|W. E. Borah, ca. 1898.|
With his cash running low, Borah heeded advice heard on the train and settled in Boise City. Even then an excellent orator, and good looking, as early as 1891 Borah ran for public office – Boise City Attorney. He only lost by three votes.
Borah's legal practice flourished, covering many important cases. He served as a Special Prosecutor in the 1907 trial of “Big Bill” Haywood, accused of conspiring to assassinate ex-Governor Frank Steunenberg. Although the state lost the case, it gained national attention for Borah. He carefully and successfully nurtured that notoriety.
As a Silver Republican, his Congressional bids in 1896 and 1903 failed. Then Borah returned to his original Republican roots, and used his new-found celebrity status. In 1907, he won election to the Senate. He would hold that seat for the rest of his life.
In the Senate, his oratorical skills regularly attracted crowded galleries when people heard he was about to speak. Even those who disagreed with him conceded his powerful eloquence and strong convictions, which earned him the "Lion of Idaho" sobriquet.
His forceful persuasion earned him much credit, or blame depending upon a person's views, for keeping the U. S. out of the League of Nations. Borah was often labeled an isolationist because of that stance, yet many of his positions contradict that image. He mostly opposed "entangling alliances" and what he considered impositions upon America's sovereignty.
|Borah and wife, ca 1895. Kansas State Historical Society.|
News media of the times turned a blind eye to Borah's one consistent failing: his tangled affairs with women. Regional historians now generally concede that he probably left Kansas because he had "gotten a young woman in trouble" and was "asked" to leave. In Boise, contemporaries attested that he almost obsessively frequented the city's "ladies of the evening."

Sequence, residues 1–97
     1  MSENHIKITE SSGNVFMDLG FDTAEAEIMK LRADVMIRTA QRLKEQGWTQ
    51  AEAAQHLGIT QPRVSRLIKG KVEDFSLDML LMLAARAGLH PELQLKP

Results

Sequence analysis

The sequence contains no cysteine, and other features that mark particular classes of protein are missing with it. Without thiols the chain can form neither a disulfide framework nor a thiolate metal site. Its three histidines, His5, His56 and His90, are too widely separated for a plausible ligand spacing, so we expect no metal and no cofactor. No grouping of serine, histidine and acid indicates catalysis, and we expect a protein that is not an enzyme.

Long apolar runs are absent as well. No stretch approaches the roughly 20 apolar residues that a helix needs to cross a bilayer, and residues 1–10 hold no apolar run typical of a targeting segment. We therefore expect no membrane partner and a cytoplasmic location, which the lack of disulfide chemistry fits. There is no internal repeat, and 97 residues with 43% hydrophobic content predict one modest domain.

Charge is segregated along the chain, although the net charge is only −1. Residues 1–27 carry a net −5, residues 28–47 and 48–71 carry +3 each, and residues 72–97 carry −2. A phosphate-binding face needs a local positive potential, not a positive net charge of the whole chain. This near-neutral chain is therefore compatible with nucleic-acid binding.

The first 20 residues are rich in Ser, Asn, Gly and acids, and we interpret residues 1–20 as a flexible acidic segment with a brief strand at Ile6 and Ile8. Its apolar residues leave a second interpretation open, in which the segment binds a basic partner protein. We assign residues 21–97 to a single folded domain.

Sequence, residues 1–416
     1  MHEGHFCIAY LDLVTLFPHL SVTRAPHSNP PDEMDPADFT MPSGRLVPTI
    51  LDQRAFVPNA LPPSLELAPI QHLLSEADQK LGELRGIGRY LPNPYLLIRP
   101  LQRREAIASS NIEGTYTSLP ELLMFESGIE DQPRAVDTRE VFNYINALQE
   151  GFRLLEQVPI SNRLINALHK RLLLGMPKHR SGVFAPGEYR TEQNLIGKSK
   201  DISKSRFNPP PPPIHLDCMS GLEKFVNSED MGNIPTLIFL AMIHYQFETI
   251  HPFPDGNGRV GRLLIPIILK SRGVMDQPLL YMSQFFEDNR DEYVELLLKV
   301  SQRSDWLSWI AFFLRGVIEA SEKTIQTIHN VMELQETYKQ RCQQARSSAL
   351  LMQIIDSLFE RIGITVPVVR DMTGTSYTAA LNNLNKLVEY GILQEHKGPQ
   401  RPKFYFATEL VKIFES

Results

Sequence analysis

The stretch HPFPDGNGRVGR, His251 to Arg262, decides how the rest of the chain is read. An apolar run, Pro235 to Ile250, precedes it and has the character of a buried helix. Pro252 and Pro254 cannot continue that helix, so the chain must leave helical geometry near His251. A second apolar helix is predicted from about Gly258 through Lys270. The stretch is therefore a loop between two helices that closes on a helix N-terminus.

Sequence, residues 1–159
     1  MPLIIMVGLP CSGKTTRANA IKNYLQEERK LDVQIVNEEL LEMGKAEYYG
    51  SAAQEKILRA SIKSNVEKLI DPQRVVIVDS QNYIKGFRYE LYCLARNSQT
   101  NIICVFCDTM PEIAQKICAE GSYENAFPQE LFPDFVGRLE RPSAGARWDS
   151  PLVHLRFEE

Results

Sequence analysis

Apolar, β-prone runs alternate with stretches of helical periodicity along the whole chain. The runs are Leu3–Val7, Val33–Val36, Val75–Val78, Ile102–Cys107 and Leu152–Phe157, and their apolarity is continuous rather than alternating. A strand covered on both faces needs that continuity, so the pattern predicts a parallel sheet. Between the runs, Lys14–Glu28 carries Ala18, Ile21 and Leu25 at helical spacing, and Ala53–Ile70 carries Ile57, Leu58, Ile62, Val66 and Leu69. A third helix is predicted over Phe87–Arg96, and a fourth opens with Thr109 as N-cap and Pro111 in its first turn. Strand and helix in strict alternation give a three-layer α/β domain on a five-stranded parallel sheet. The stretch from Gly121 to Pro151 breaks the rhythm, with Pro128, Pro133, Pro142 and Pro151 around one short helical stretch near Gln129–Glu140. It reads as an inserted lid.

Questions have been raised even about his marriage to Mary McConnell, daughter of Idaho Governor William J. McConnell. Despite Borah’s strong sex drive, the couple never had any children. Rumors, never actively denied, circulated that Borah had gotten Mary pregnant while they were courting, and that a poorly-done abortion left her unable to have children. Yet recently-available letters and diaries confirm that Borah fathered a child by another man's wife.
In 1936, Borah ran a vigorous national campaign for the Republican Presidential nomination. When that failed, he returned to Idaho and was easily re-elected to his Senate seat. He died in office in January 1940.
|References: [Hawley], [Illust-State]|
|“William Edgar Borah, June 29, 1865 – January 19, 1940,” Reference Series No. 538, Idaho State Historical Society (1971).|
|Waldo W. Braden, “William E. Borah’s Years in Kansas in the 1880’s,” Kansas Historical Quarterly, Vol. 14, No. 4 (November, 1947).|
|Stacy A. Cordery, Alice Roosevelt Longworth, From White House Princess to Washington Power Broker, Viking Press, New York (2007).|
|Douglas O. Linder, “Biographies: William E. Borah,” Famous American Trials: Bill Haywood Trial, University of Missouri-Kansas City, School of Law (2011).|